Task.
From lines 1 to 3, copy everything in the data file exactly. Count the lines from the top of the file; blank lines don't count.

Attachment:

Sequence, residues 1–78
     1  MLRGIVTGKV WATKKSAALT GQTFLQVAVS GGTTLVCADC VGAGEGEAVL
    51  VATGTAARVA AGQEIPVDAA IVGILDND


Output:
Sequence, residues 1–78
     1  MLRGIVTGKV WATKKSAALT GQTFLQVAVS GGTTLVCADC VGAGEGEAVL
    51  VATGTAARVA AGQEIPVDAA IVGILDND